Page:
It’s a curious feature that, in Yiddish, when one person says “Good morning!” (Gut morgn / גוט־מאָרגן) the standard response is “Good year!” (Gut yor / גוט־יאָר). It’s the same when you greet someone at midday, or in the evening, or on the Sabbath. There are a number of thoughts as to why this might be.

As we begin the fall semester, it’s a pleasure for the Mayrent Institute to wish everyone a hearty Gut yor!

And it’s shaping up to be a wonderful year for Yiddish at UW–Madison with events planned—both on-line and in-person—that will highlight the diversity of Yiddish creativity. We look forward to welcoming record producers, podcasters, and culture-makers (kultur-tuers / קולטור־טוערס) to campus.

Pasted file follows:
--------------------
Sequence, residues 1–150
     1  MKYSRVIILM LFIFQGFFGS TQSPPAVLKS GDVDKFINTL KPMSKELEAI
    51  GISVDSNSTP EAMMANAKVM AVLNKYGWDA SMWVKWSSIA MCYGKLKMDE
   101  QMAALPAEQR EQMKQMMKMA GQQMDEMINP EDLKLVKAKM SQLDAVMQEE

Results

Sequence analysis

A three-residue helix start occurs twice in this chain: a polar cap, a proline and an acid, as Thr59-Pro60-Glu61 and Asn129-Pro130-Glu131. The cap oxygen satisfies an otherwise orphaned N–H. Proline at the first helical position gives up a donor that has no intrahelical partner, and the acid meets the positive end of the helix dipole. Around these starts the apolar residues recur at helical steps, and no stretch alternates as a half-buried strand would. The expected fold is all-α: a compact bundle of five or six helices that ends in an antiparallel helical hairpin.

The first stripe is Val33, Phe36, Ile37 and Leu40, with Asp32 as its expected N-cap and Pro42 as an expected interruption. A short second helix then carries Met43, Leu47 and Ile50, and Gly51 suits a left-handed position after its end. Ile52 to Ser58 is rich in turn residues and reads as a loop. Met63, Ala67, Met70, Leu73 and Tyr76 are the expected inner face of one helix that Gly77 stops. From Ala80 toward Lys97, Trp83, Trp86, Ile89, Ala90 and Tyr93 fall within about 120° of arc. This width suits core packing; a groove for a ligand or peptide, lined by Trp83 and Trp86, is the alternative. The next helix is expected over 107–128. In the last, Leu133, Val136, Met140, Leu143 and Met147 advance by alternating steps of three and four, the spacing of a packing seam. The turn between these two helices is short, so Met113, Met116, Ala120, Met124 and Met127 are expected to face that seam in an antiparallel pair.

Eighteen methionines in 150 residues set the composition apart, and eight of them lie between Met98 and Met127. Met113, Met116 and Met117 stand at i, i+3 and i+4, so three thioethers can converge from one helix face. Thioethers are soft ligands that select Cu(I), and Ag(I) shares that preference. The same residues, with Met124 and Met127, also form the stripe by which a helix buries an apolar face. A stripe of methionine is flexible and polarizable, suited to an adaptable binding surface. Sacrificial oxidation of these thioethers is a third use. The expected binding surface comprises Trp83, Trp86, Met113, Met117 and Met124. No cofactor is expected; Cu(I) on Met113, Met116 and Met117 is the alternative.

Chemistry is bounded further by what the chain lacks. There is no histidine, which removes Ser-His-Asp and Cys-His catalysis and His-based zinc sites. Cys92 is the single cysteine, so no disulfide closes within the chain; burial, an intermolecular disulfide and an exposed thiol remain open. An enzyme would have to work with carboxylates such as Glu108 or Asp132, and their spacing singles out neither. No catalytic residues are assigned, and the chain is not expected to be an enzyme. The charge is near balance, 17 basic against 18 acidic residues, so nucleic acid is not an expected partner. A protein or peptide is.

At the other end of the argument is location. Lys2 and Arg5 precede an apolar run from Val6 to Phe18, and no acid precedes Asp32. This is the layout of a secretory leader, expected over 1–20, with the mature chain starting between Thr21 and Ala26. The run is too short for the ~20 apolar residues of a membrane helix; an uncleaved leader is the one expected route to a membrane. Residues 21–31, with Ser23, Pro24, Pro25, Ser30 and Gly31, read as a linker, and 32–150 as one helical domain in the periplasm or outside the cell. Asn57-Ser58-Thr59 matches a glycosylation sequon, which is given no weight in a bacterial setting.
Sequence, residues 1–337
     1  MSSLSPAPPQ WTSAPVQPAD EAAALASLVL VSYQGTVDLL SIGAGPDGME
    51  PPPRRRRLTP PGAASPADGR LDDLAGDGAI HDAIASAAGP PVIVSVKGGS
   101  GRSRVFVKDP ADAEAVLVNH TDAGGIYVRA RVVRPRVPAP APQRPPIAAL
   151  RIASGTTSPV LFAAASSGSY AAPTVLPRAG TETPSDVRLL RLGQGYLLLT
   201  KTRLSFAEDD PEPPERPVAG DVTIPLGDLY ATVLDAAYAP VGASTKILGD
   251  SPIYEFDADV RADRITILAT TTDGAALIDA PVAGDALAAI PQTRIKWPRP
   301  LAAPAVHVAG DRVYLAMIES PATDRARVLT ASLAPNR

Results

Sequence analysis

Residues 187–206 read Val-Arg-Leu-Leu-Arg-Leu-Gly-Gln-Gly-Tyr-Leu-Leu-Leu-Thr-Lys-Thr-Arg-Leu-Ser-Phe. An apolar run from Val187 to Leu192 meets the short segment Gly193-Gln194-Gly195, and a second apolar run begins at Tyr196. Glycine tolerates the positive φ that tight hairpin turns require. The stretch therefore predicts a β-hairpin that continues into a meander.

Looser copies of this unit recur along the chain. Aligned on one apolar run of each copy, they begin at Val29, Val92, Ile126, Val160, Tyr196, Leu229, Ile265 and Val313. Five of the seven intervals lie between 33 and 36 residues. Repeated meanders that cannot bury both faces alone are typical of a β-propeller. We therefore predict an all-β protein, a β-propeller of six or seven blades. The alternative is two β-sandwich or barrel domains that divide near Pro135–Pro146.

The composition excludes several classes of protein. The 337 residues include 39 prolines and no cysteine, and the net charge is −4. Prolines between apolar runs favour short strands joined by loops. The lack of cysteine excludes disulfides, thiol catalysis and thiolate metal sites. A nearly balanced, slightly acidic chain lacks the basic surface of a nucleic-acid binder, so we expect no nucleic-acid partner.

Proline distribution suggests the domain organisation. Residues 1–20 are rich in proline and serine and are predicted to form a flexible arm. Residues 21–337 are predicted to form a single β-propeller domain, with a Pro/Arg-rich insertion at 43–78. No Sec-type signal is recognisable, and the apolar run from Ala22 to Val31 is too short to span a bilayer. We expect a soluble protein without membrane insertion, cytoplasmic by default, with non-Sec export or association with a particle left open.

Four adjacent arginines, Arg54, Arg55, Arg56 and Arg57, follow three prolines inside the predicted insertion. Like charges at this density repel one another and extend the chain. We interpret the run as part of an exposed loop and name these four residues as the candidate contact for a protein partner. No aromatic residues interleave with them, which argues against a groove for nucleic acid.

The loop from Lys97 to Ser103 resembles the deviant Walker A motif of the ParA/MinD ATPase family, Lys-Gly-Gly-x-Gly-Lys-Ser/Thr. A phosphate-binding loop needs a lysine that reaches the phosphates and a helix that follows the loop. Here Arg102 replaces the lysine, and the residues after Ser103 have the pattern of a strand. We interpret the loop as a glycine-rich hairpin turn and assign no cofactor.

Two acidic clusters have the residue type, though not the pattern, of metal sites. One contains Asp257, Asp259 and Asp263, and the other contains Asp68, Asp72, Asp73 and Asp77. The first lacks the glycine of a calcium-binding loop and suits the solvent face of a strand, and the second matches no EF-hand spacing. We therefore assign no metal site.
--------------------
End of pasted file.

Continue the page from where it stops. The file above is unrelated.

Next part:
The work of cataloguing and digitizing the Mayrent Collection of Yiddish Recordings also continues to move ahead. Here are a few highlights:

  • Listen to Abraham Goldfaden’s classic Yiddish lullaby “Raisins and Almonds” (Rozhinkes mit mandlen) from 1923. (Hint: It starts at the 1:39 mark!)
  • Laugh to Max Badin’s 1949 comic Yiddish and English sketch “Fun the Hospital” (“Fun in a hospital”)
  • Dance to Joseph Moskowitz’s lively instrumental of cimbalon and piano